When you purchase a custom booth, the sky’s the limit on what the booth can look like. Depending on budget, some companies create a new exhibit and use it (with minor modifications) for years: it represents the company’s ‘look and feel’ and works well within the company’s tradeshow marketing goals. Other companies will create a unique booth for each large show they go to in order to make a splash at each show. These tend to be progressive companies in fast-changing industries where a company’s custom exhibit’s look might become outdated within a few years. In other industries, a tried-and-true custom look that elegantly represents the brand can last for years.

By purchasing a new booth, you’re committing to spending money each year to make sure it stays in good shape and runs well – much like the commitment you make when purchasing a new car. This means having the booth examined after each show, making note of repairs, updates and modifications that you want to make each time. A good rule of thumb is to prepare to spend about 10 – 20% of your overall purchase cost each year to keep the booth in good shape.

One item in favor of renting a booth is the challenge of a company’s changing needs. Some companies see different products, large growth, changing fortunes and other unknowns as a way to keep from making a commitment to purchase a tradeshow booth. By renting each time, you leave the door open to present a different ‘look and feel’ with updated branding each show. Renting in this case offers flexibility that purchasing a booth probably does not.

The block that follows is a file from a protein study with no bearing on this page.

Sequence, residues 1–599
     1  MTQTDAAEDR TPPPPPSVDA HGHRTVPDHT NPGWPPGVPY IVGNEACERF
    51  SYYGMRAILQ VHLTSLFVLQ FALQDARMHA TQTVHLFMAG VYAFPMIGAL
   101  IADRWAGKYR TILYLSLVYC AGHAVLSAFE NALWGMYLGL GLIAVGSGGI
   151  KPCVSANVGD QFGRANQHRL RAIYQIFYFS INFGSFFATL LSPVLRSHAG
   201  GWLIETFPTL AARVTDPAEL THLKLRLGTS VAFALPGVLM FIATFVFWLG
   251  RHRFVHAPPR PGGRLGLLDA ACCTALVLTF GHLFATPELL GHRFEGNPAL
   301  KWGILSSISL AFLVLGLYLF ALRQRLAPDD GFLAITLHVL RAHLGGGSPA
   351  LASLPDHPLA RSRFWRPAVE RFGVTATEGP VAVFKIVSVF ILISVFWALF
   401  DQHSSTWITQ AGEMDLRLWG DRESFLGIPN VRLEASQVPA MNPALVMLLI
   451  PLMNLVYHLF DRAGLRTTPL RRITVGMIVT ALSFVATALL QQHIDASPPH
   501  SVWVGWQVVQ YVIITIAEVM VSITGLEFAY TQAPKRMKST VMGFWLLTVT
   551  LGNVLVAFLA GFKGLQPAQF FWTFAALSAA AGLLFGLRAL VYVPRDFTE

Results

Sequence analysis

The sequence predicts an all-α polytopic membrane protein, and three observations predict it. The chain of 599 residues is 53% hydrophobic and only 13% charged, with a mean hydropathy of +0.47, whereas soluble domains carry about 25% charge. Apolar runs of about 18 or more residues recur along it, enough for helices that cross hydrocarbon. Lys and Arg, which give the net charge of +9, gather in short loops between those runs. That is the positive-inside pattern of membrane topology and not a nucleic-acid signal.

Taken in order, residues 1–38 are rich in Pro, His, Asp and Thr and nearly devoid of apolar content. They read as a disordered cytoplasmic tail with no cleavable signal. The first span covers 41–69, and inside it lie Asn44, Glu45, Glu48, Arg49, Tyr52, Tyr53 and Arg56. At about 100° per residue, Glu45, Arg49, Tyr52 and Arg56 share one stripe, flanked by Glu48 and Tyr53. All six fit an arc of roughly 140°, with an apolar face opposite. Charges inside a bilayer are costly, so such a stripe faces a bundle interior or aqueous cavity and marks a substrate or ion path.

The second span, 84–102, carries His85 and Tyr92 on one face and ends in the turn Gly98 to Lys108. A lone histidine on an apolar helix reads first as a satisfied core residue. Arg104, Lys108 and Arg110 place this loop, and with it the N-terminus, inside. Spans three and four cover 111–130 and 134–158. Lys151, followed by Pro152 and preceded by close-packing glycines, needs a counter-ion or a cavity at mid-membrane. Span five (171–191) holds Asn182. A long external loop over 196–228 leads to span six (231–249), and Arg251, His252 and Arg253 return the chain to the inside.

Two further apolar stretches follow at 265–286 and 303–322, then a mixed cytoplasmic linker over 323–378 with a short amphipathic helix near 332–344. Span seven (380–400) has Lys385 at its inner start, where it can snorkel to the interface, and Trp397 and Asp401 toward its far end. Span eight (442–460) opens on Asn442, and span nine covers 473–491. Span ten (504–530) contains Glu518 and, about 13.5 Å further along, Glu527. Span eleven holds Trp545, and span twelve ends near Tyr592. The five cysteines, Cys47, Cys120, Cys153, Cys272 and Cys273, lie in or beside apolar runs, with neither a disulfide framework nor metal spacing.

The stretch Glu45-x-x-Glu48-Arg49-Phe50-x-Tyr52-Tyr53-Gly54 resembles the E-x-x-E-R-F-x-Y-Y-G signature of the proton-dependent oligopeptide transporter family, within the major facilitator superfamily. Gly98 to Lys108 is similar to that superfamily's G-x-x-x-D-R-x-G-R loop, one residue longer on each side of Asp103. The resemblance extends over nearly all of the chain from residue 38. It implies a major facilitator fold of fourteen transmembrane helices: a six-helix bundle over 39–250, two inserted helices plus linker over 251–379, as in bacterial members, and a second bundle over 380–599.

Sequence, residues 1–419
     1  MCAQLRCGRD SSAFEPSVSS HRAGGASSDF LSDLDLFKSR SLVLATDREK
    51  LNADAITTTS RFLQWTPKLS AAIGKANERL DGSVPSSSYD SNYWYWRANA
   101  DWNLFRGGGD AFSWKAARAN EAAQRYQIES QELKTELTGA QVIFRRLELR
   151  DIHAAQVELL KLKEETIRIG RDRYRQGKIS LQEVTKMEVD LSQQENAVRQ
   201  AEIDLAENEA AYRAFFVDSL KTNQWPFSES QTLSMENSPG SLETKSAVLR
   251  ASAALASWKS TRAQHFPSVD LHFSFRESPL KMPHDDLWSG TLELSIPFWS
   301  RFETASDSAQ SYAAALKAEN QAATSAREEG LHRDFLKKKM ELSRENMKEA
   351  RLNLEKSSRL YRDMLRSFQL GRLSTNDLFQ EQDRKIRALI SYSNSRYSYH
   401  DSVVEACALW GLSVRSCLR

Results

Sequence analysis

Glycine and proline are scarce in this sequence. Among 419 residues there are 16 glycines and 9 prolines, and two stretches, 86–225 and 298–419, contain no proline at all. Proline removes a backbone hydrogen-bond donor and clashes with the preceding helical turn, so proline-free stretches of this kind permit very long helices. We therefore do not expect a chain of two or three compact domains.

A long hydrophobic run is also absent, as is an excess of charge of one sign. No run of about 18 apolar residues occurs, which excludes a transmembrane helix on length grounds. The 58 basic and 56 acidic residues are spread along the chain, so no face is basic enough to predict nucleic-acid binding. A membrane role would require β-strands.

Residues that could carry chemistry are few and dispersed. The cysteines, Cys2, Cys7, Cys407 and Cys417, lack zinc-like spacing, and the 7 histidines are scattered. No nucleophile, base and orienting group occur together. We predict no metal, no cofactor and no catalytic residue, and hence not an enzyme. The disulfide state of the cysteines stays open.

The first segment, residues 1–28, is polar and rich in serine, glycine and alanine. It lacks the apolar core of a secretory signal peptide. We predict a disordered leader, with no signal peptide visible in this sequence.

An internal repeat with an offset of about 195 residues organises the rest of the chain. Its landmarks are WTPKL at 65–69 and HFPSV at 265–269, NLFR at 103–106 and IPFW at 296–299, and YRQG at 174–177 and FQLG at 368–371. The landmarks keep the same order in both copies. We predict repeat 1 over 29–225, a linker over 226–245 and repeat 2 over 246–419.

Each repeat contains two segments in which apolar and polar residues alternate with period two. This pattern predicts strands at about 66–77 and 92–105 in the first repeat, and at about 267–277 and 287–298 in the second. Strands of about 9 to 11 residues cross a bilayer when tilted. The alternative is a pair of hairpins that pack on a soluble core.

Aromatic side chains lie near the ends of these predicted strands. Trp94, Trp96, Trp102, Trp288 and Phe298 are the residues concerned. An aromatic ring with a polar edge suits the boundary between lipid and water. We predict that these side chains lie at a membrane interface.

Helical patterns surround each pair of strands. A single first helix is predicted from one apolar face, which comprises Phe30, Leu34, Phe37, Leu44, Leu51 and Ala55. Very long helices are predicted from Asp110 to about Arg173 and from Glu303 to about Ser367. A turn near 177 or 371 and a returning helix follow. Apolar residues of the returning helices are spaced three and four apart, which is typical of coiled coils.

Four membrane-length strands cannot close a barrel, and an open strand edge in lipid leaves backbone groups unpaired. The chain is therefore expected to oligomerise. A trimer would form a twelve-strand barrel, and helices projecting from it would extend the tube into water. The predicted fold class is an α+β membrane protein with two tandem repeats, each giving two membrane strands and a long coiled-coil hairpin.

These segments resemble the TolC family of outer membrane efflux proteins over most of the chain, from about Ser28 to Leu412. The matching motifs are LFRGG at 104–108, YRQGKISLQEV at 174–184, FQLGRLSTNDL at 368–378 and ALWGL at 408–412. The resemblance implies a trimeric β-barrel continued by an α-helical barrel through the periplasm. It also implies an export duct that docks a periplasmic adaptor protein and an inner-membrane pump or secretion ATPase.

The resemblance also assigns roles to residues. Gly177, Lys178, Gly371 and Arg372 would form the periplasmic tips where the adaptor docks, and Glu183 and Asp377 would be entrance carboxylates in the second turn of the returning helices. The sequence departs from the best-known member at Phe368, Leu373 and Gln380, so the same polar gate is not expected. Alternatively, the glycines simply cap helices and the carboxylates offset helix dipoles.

Often your goals at each tradeshow will differ – which suggests different functions that you’ll need at each show. Some shows may require that you have several work-stations or product-sampling stations while other shows may be focused on product demonstrations or extravagant layouts. Either way, a rental booth again offers more flexibility that most custom-built and purchased booths. However, if you know ahead of time that you’ll need different configurations, your design team can take those needs into account before the booth is purchased.

In the end, the best way to approach the ‘rent vs. buy’ decision is to ask a lot of questions: talk to management about their plans, talk to tradeshow staffers about their needs and how the booth actually functions at the show, and even talk to clients that visit your booth to get feedback on how they perceive your company and your tradeshow marketing presentation.